I have a book in mind to start writing. For three years now. I read advice that tells me “just start writing.” And still I don’t start. I send e-mail, update social media, check off tasks, do my tried-and-true work.
Truthfully, I’m paralyzed about how to begin this new work. I feel I need to know exactly where this book is going before I can even start. It’s an unfamiliar format for me, away from kids’ picture books. I need chapters and more than 500 words! I simply am not trusting myself to believe what I’ve seen before: That once I get going, my mind will connect to the process and the story will evolve.
Because the “just start writing” advice isn’t working for me, I’ve had to come up with some other techniques to power through my paralysis. See if one of these might help you get started on a new work.
1. Make a Mind Map of your Idea.
A mind map is a diagram used to visually organize information. A mind map is often created around a single concept, drawn as an image in the center of a blank landscape page, to which associated representations of ideas such as images, words and parts of words are added. This un-sticks me as this process doesn’t need a beginning. Rather, I can doodle possibilities around a central theme, for example, chapter ideas, people to interview, etc.
2. Make some Top Ten Lists. Or Top Five.
Ask yourself, “What are the top 10 things I want my reader to learn? To feel? To know?” What five things would I want a reviewer to say about my book? Perhaps this very exercise will help you back into your reason for writing that may seem elusive.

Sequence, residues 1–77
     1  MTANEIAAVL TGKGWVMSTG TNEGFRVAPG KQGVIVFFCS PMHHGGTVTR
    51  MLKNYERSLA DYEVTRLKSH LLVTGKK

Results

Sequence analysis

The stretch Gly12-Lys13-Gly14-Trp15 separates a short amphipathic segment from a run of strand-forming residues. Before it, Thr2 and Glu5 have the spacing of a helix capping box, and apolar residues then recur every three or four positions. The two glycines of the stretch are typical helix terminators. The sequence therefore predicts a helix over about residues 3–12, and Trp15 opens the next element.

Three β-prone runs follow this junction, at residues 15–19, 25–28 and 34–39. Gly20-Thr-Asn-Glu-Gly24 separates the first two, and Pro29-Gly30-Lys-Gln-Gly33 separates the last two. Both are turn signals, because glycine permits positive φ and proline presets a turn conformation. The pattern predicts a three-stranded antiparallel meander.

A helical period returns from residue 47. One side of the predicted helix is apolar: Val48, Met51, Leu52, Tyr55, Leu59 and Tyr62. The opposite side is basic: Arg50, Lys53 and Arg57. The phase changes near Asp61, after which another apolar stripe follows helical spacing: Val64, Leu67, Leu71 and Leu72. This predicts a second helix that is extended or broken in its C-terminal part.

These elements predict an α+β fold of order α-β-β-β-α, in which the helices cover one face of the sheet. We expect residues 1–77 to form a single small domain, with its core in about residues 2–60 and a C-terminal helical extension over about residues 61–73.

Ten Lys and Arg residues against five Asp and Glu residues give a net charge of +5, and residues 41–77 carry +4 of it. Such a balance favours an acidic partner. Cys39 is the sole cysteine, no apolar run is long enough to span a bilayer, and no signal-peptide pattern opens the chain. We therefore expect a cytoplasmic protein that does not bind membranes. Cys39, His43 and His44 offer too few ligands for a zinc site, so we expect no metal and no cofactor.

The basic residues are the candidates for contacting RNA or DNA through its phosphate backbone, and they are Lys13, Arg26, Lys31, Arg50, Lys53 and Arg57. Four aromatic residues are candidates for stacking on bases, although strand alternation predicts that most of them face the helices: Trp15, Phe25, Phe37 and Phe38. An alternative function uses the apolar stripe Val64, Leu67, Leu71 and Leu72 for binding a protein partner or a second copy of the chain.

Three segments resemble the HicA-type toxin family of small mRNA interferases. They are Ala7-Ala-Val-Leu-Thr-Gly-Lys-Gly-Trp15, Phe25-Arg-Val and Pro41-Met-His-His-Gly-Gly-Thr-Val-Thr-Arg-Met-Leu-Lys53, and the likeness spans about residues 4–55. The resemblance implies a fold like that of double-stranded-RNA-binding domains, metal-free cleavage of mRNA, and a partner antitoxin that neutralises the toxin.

3. Use an Egg Timer
Legendary copywriter Eugene Schwartz created a system of working that, before he was finished, enabled him to write nine books, dozens and dozens of successful ads, and countless articles for well-known publications all over the world. How did he do it? He set a small kitchen timer to 33.33 minutes and pressed the start button. His rules? Yes, he could drink coffee but no he could not leave the chair. So either he got very bored or he got busy writing.
4. Record Yourself Thinking Aloud
I can tell you what I want to write about IF I could get myself to write! That prompted me to use the recorder on my IPhone to capture myself rambling about my ideas for what to include in an introduction, the chapters, etc.. I hit ‘play’ and transcribed my dialogue to paper. The relaxing process of typing what I was listening to jumpstarted me to actually fill in content inspired by my stream of thought.
Right now, set your egg timer for 14.5 minutes and write! Or go through the exercise of telling us five things you want your reader to feel after he or she reads your next great work. As always, encourage your fellow word artists!